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It was hard to write exactly what I'm getting after in the question.

In certain genres like trap (a sub-genre of EDM) people say that the speed of those beats are in the 110 and higher range. Isn't the speed of the beat kinda determined by the placement of the snare? If so, that would make any sort of trap songs in the 55 - 70 range (half of the speed). When I think about genres that are higher than 100 I think about house, soca, etc.

So, like my title asks, how do you determine the beat of a song?

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    The metronome count is generally defined as the frequency of the crotchets if not otherwise specified, so that would be twice the frequency of a snare backbeat. — IMO it's utter rubbish to categorise a genre by BPM speed though... – leftaroundabout Feb 7 '17 at 1:06
  • That's what I thought. I disagree with you though...many genres have a narrow range for BPM: soca, dancehall reggae, trap, future bass, dirty south hip hop.... – 02fentym Feb 7 '17 at 1:07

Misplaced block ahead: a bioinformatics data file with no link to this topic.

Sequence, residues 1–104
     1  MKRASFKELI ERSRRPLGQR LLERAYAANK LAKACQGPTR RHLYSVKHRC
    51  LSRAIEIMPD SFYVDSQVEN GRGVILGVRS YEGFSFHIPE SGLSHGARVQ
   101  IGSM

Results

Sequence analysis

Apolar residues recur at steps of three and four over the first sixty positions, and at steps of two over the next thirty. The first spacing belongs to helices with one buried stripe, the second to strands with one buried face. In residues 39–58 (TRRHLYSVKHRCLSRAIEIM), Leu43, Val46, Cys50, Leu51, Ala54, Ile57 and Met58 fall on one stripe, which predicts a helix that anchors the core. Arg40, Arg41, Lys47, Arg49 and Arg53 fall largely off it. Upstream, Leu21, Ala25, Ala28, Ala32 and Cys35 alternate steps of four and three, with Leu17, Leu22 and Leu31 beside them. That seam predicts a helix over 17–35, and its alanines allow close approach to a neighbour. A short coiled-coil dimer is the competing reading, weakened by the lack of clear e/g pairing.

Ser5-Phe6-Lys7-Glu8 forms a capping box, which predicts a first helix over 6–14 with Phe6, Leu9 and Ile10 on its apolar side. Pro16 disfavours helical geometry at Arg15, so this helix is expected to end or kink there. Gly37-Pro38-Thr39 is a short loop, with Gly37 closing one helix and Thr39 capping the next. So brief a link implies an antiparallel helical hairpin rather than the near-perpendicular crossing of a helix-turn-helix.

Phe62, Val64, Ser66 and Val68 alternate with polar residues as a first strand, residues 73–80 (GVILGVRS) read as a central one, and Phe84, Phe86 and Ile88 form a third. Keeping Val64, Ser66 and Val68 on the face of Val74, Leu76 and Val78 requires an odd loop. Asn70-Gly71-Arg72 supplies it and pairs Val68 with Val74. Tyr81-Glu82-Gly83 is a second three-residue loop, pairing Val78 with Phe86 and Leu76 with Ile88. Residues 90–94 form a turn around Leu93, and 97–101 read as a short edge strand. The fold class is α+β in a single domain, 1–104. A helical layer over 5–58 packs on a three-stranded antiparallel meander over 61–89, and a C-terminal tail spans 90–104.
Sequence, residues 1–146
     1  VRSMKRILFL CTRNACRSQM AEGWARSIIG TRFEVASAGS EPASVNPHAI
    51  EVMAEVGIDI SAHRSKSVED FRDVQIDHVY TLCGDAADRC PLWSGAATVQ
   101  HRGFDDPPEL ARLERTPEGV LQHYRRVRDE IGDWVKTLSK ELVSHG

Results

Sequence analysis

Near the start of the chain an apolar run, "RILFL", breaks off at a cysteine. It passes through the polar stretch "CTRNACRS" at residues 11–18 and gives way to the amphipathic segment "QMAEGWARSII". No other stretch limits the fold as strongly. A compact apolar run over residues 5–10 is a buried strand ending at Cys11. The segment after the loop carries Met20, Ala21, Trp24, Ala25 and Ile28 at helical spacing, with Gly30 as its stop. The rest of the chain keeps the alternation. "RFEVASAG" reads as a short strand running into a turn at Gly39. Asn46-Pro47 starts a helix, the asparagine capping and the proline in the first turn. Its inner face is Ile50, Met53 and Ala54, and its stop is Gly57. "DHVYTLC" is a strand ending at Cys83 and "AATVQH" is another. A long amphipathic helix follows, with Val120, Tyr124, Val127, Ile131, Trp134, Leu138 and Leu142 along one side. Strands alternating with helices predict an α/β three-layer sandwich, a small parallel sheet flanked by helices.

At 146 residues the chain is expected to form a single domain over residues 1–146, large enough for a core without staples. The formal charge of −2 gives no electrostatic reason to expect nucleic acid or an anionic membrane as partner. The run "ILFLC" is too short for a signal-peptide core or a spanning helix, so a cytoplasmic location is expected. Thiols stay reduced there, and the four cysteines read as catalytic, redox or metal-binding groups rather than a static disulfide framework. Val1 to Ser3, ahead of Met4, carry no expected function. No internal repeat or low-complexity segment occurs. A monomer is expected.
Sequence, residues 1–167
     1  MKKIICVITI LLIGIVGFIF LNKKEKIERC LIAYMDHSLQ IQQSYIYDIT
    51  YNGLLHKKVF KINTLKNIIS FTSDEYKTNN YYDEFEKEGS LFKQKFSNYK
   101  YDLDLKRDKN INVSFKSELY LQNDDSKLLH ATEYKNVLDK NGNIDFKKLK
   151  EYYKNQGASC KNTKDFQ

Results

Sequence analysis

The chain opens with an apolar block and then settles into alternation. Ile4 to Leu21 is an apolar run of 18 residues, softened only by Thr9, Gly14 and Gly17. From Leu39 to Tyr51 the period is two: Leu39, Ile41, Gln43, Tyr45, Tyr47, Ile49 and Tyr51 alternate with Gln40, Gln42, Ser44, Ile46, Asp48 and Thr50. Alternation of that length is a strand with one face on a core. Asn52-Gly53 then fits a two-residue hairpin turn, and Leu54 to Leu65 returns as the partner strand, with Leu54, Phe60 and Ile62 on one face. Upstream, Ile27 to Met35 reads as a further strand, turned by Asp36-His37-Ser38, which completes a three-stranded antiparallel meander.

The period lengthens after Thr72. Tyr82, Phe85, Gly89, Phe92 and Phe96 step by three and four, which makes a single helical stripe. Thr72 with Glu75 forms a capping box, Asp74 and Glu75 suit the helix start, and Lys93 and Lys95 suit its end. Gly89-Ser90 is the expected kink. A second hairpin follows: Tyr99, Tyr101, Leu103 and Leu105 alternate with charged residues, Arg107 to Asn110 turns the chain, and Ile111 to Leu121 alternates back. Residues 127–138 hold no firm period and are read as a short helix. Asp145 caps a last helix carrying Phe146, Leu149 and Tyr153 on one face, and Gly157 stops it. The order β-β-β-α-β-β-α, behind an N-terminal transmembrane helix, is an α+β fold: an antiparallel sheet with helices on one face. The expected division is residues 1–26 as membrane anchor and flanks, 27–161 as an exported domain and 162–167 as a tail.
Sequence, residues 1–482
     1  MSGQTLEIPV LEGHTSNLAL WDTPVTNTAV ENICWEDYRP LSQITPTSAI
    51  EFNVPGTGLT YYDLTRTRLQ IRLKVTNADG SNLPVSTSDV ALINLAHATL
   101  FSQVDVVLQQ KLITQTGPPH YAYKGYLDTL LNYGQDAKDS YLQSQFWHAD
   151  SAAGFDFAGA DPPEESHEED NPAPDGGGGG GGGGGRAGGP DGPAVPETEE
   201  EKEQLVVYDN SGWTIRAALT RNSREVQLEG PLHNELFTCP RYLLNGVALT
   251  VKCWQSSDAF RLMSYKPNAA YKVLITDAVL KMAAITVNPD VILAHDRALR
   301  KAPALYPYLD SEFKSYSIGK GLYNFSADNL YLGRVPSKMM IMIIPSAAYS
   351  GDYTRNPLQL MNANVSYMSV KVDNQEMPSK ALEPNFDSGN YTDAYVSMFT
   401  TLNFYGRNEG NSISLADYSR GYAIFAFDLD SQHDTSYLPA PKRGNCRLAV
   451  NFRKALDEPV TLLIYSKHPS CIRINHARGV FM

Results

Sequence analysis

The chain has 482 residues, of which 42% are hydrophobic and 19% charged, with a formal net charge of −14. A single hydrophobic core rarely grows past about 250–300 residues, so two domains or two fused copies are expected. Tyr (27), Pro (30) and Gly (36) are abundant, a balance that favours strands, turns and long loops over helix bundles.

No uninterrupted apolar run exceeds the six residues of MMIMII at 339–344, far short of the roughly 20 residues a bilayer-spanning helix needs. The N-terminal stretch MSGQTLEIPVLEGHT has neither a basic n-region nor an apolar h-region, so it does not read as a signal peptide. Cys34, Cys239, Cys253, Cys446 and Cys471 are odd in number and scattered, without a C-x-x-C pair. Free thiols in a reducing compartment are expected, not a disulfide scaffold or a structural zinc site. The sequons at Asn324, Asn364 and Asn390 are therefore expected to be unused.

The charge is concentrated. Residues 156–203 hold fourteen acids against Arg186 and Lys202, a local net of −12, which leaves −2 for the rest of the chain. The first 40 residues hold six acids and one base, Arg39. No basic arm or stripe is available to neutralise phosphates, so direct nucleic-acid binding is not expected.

• Haven't a clue about these genres and sub-genres, but in mainstream music (pop type), the snare is often on 2 and 4, thus makes it sound like the tempo is half of what it really is - if you use snare as a criterion - which is erroneous. – Tim Feb 7 '17 at 8:09
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I thought I'd write this out as a full answer as others may be interested in the theory behind this.

Take a look at the drum beat below: enter image description here The Time Signature is 4/4. This means that there are 4 beats in each bar and that each beat is one crotchet (quarter note).

The snare (which is written in the gap between the 2nd and 3rd lines) is played twice in each bar on beats 2 and 4.

Therefore it follows that in this case the tempo in crotchets per minute would be twice as fast as the snare.

However I must stress that, while this is true for most rock and pop music, there are situations where this can differ. For example:

enter image description here

This would sound identical to the first example if played at half the tempo.

I hope this helped clarify tempos vs snares vs beats.

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